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Archived Comments for: Feeding practices among children attending child welfare clinics in Ragama MOH area: a descriptive cross-sectional study

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  1. Querying conclusions

    Kasia Williams, Hillingdon Hospital

    3 January 2012

    This is an interesting article that provides an introductory overview of feeding practices. I am a little concerned about the areas noted requiring 'immediate intervention'. In particular, "too frequent breastfeeding and overnight feeding of older children". Many children will require feeding overnight until they are developmentally ready to have unbroken sleep. Feeding is also a matter of psychological and emotional development and provides a source of comfort and bond in addition to other health benefits. The concern about feeding too frequently is also puzzling as there is no identifiable 'maximum' number of feeds and a mother and child should feed as often as they need to or wish to. Again, breastfeeding is also for psychological and emotional development. I would be interested to hear if there is any evidence to back up the author's concerns on these two issues.

    Competing interests

    None declared

  2. Overnight feeding and too freequent feeding

    priyantha perera, University of Kelaniya

    12 June 2012

    Thanks for your comments,
    Of course infants need to be fed at night because they will wake up with hunger during the night. However once teeth have erupted overnight feeding can increase the risk of dental caries. Therefore overnight feeding is discouraged in older children after eruption of teeth.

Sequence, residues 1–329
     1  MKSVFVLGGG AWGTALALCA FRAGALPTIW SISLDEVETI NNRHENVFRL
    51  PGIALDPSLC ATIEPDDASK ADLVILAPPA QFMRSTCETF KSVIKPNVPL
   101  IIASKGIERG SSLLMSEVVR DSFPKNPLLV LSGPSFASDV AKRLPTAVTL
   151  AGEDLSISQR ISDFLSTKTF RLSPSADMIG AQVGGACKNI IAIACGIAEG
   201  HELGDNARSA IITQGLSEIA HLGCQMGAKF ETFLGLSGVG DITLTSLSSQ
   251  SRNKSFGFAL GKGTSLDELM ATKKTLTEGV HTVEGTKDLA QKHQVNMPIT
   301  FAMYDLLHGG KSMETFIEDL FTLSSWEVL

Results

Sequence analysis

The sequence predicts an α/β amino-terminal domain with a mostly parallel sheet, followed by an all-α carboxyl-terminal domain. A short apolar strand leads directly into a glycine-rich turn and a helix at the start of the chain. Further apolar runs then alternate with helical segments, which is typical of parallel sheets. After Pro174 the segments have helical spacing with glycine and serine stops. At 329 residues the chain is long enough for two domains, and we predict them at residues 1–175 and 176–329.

Breast feeding on demand during early infancy is the recommended method of feeding. How ever if breast feeding is continued throughout the day in an older child it will definite interfear with taking solids. In this study we were discussing breast feeding throughout the day among children above 2 years. Recommendation in these children is only to breast feed after main meals.
    I hop I have clarified the doubt. Thanks again for your comment

    Competing interests

    There are no competing interests.

  3. Evidence

    Linda Kvist, Faculty of medicine, Lund University, Sweden

    10 August 2012

    The question of risk of dental caries in children who continue to suckle at the breast after teeth have appeared comes up now and again. I would also be very interested to know what the evidence is for this claim. I have previously searched the literature and have not managed to find any convincing evidence. If the author knows of any, I would be very pleased to receive citations. The same question can also be posed about the question of solid food being eaten less by breastfeeding children - what is the evidence?

    Competing interests

    None declared